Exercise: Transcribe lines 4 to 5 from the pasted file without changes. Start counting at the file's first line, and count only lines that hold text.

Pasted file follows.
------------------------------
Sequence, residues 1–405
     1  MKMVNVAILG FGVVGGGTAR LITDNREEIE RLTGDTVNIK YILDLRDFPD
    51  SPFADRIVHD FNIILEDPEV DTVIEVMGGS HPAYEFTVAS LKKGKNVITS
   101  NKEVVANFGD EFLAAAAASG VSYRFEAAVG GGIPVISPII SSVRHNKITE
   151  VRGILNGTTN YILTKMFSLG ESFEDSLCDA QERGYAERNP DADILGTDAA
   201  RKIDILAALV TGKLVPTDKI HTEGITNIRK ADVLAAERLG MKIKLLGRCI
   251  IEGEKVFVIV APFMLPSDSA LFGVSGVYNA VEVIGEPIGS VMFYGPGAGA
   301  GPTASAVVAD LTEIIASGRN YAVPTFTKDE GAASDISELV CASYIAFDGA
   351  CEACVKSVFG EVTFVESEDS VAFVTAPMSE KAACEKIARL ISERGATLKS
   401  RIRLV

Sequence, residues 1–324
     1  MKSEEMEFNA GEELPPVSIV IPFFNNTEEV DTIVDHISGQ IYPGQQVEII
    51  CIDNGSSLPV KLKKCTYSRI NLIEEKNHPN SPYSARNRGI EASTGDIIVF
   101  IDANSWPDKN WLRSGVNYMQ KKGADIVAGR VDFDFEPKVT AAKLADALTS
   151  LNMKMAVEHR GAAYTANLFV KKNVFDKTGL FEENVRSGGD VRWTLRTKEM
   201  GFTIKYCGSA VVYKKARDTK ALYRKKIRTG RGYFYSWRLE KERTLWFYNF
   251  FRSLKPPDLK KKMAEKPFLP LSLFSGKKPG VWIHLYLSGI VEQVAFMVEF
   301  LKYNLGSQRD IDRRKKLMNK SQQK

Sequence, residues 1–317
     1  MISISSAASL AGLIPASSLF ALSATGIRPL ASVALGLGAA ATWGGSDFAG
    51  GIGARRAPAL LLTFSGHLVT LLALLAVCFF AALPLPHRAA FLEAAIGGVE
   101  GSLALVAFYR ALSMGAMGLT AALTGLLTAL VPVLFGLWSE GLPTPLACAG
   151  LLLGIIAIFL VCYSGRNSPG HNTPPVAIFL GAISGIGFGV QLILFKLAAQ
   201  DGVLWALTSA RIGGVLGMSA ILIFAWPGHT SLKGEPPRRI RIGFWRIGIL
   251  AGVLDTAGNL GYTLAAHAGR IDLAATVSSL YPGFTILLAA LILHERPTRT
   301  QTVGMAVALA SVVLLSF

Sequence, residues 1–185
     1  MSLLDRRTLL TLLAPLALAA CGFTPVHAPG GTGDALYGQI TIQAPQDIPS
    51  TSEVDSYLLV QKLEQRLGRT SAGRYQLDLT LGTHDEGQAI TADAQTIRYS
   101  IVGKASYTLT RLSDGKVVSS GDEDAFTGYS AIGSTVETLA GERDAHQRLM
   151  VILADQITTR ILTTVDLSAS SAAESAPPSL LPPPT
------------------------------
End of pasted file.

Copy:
   101  NKEVVANFGD EFLAAAAASG VSYRFEAAVG GGIPVISPII SSVRHNKITE
   151  VRGILNGTTN YILTKMFSLG ESFEDSLCDA QERGYAERNP DADILGTDAA